In conclusion you can lump me with the “I’d love to see a MacBook Pro with touchscreen or a new product based on iOS that is deeper, richer, than ever before” crowd. A version of iOS with a trackpad and mouse pointer that can run Xcode — optimized for iOS — and other tools.
Six Colors: “Now, a new report suggests that Apple may once again veer into color territory, with the current metallic options joined by different shades, including blue and orange. Frankly, it’s about time.”
If Apple drops an orange MacBook Pro on the market, oh my. Take my money, as long as the keyboard works.
a sweet, yellowish paste of ground almonds, sugar, and egg whites, often colored and used to make small cakes or confections or as an icing for larger cakes.
a new Apple Framework for building Mac and iOS Apps from the same source code.
A unified Apple Framework makes sense. By this time AppKit is fairly old, it began life at NeXT and moved forward as Apple’s new framework on macOS. When Apple created iOS it made sense to reconsider the user interface and user experience for a touch based interface. Having support for mouse clicks and menus didn’t make a lot of sense for something so small controlled with your finger. Enter UIKit.
To say iOS became a shooting star, Apple’s crowning achievement, would be an understatement. It’s wildly popular amongst users and developers alike. So much so Apple has kind of pushed macOS into the background and allowed its younger brother to take center state. It’s not that macOS isn’t popular — because it is — it’s just that iOS is much, much, bigger than anyone could’ve estimated. As a result Apple spends most of its time working on iOS, or at least it seems that way.
Obviously that would be hugely upsetting for the Mac and iOS ecosystem. But on the flip side it would give developers a clean slate to work with. Something designed to work for touch and mouse and keyboard input. It would give Apple the chance to shake off years cruft and reimagine applications and frameworks without the constraints imposed by Cocoa or Cocoa Touch.
Am I crazy? Yes, a little. I know current developers — especially Mac developers — would lose their minds. It would be the second time Apple changed direction on them in a potentially radical way. This wouldn’t be quite so egregious. The move from Mac OS 9 to Mac OSX was monumental. A brand new OS and a brand new way to code, not easy to adjust to after years of working with an OS and API. Carbon eased folks into it, but the transition was still extremely difficult for some development shops, like Adobe.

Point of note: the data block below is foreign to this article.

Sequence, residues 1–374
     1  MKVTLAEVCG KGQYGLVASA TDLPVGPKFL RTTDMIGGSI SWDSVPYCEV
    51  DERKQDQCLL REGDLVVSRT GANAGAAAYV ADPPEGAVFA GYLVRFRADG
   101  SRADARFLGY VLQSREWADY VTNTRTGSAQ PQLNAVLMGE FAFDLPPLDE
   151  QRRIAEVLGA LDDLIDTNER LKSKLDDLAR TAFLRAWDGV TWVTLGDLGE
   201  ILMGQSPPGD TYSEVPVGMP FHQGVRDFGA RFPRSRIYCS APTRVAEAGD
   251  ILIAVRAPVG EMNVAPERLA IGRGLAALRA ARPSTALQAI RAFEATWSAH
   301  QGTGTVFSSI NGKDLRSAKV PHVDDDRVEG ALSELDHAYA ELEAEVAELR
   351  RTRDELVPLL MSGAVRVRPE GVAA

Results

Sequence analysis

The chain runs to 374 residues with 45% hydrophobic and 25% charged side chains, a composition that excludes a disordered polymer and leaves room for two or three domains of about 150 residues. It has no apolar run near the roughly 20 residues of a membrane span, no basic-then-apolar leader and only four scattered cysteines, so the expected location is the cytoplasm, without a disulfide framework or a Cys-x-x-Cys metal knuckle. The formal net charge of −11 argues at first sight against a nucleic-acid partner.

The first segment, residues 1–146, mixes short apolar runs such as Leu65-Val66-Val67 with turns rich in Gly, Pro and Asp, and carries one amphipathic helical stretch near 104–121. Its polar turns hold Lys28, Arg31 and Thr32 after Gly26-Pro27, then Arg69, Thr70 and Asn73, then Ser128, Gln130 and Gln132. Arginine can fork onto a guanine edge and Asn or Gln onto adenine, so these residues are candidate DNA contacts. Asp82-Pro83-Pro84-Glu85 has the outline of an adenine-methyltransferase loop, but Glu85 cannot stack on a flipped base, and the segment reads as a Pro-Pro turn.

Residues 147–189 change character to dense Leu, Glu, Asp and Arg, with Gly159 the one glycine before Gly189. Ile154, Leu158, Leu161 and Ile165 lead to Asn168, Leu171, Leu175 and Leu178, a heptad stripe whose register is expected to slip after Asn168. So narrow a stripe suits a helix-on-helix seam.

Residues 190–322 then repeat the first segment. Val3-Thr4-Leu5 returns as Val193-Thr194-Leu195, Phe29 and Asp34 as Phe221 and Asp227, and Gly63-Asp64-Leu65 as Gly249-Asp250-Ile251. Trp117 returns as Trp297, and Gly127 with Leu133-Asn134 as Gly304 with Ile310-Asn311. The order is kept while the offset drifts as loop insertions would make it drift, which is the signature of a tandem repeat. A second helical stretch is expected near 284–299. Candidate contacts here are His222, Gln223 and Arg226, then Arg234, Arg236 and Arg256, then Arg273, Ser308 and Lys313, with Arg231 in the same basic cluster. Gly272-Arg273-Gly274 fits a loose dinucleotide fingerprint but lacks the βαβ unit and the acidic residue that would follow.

Of course they don’t have to go all in. I doubt they’d be that extreme. There are simple things they could do to unify Cocoa and Cocoa Touch. An extremely simple example I can think of is unifying NSColor and UIColor. Over time we’ve seen some text attributes move to their NS* counterparts, why not start with the simple things and work down the stack?
I also don’t consider going from iOS to macOS cross platform. I know they’re slightly different but they are in the same family. If you’re doing iOS development macOS should feel somewhat familiar to you. Sure the controls are different on the platforms and there’s the matter of touch vs. mouse driven, but I believe calling Cocoa based applications cross platform between Mac and iOS is a bit of a stretch. If you’re taking one set of code from iOS to Windows that is what I’d consider cross platform.
Post WWDC 2018 Thoughts
I penned everything above quite a while back, March 11, 2018 to be exact.
While on stage at WWDC Apple announced UIKit for Mac. Four UIKit for Mac applications will ship with macOS Mojave this fall; News, Stocks, Home, and Voice Memos. This is great news for anyone interested in bringing their own iOS Applications to macOS. It means Apple is dogfooding UIKit for Mac while it’s in active development. From all reports it’s really rough around the edges but we can all hope some of those edges are smoothed out before Mojave makes its debut but it’s ok if the applications and framework are a bit rough at first. Why? Apple said on stage UIKit for Mac wouldn’t be generally available until 2019 and that it was a multiyear project. This tells me we should expect a gradual move of UIKit downward into AppKit until UIKit either becomes a part of AppKit architecturally or the Mac specific bits of AppKit become a part of the “new” UIKit for Mac.